Today’s parents fight a seemingly losing battle against how much time their teens spend on mobile phones, tablets and laptops.
“Get off your phone”, “no devices at the dinner table”, “are you still online? go to sleep!”, “stop looking at your phone and look at me”, “are you doing your homework or on YouTube?” – sound familiar?
Screen time can be defined as anything from watching TV and gaming to streaming, being on social media platforms and using multimedia messaging apps. All the statements above are repeated daily, usually to no avail. Teens feel like their parents are nagging, old-fashioned, don’t get them or just plain annoying. And parents are exasperated, angry, disappointed and feel disrespected. Smart phones have drastically changed the way we communicate, work, socialise, get information and are entertained. Technology rapidly evolves and the young (and easily influenced) are at the forefront of this.
The numbers don’t lie
In 2019, just over 50% of children under the age of 11 owned a smartphone in the United States, and this figure increases to almost 70% for 12-year-olds. Ownership no longer belongs to a certain social demographic as manufacturers and telecommunication companies offer such a wide range of models and packages catering to every budget. Remember when a phone was to simply make a call? There are some children who don’t even know we used to have to dial numbers on a rotary phone!
According to Statista, a leading resource for market and consumer statistics, there are over three billion smartphone users globally and increasing rapidly. This makes it a necessity rather than a luxury and children of all ages take up a large chunk of this figure.
Screen time versus general wellbeing
Parents usually say the same things when trying to get their children (especially teens) off the phone – bad for your eyesight, makes you lazy, fries your brain cells, incites anti-social behaviour. These comments are usually met with rolled eyes, sighs or rebellion. The fact is that today’s teen spends less time reading books, going outside, being adventurous and imaginative and interacting with family and friends.
A study published last year by the Oxford Internet Institute (research and teaching department within the Social Sciences faculty) stated that there’s limited evidence linking the general wellbeing of adolescents and screen time. Then there are other studies that have found lower grades can be linked to playing too many computer games; and watching too much TV or being on the computer for hours can cause mild depression.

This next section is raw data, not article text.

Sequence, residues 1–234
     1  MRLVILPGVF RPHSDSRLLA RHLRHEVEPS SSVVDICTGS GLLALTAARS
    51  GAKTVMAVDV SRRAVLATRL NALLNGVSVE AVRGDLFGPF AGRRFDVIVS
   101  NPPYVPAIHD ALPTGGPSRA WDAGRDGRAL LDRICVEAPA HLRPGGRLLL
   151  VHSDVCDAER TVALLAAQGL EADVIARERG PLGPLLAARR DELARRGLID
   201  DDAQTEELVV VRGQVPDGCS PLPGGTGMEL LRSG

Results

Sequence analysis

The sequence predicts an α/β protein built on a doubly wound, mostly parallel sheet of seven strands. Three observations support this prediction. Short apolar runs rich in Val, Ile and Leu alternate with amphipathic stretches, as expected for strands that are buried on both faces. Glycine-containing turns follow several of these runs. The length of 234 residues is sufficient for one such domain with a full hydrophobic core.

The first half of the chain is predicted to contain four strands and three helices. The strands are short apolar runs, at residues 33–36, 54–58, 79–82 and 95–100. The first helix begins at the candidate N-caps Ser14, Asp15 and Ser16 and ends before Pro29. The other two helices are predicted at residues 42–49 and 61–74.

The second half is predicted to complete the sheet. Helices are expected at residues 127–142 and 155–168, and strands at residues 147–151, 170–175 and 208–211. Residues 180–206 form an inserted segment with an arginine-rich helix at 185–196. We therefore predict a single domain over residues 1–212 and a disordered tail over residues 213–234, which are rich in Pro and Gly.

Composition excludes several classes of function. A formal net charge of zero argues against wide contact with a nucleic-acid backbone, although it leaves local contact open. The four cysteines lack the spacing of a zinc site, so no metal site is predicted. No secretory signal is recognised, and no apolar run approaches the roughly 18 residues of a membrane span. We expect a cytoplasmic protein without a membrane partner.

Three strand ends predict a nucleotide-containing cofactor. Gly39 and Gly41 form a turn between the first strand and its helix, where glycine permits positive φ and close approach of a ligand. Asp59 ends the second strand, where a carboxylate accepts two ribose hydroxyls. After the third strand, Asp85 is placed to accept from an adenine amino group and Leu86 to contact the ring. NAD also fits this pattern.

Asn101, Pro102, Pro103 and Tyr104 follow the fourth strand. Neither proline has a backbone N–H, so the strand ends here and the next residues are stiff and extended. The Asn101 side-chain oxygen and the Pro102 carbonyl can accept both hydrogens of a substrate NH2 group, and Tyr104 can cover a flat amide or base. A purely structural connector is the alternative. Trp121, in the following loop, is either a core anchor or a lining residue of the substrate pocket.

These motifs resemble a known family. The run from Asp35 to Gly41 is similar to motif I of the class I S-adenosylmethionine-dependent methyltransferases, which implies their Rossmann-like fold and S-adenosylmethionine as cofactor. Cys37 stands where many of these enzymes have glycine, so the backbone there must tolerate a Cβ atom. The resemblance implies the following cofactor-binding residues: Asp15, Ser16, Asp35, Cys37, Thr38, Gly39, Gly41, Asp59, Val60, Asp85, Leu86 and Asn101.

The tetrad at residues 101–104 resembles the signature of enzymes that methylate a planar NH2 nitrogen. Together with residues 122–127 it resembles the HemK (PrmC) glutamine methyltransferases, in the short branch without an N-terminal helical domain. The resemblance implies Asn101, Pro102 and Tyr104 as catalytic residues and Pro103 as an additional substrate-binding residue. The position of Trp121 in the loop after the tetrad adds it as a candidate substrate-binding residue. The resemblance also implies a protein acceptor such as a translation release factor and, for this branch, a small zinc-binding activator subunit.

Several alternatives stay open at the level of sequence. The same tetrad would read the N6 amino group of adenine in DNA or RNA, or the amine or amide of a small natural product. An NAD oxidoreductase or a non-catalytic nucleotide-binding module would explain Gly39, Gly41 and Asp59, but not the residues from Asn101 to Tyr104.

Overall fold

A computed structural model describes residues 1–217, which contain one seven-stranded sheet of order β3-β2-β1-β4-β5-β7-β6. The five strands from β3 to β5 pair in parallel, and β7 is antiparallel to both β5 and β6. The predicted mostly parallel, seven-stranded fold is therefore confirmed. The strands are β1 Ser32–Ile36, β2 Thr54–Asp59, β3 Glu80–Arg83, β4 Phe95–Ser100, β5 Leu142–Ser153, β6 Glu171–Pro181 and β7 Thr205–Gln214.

All these studies are correct but what parents are worried about is the breakdown of communication and what their children are reading / watching on which platform. If adults find it so hard to not check their Facebook / Instagram / email / texts constantly, how can we expect them to? There are ways of dealing with this issue and screaming, “get off your phone now!”, while you check your own is not one of them.
Explain why too much screen time is detrimental: Have a conversation – don’t give a lecture or an order. Give practical advice and examples like explain how mealtimes should be quality time spent with family not staring at a screen. Also talk about online bullying, the negative effects of social media and how it can affect mental, emotional and mental health.
Enforce the no devices an hour before bed rule: This is harder to do when the children are teens but again, explaining that a good night’s sleep is important and looking at a screen keeps them up and interrupts sleep patterns.
Spend time with the family: Create a family routine of conversation, going for a walk, playing board games or just hanging out together. In the beginning, children will complain but stick to the routine and they will soon (hopefully) enjoy this valuable time.
Set a good example: It’s hard to control your child’s screen time if you’re always online so curb your device habits too so they see that you’re also trying.
Device-free areas and situations: There should be no devices at meal times, social gatherings (photo taking exempted), bedtime, when doing homework / revising, when exercising and when talking to someone.
Devices are addictive – that’s the cold, hard truth. The earlier parents can control the situation and instil good habits, the better. Otherwise, all you’ll be doing is shouting and threatening, and we all know how well children react to that!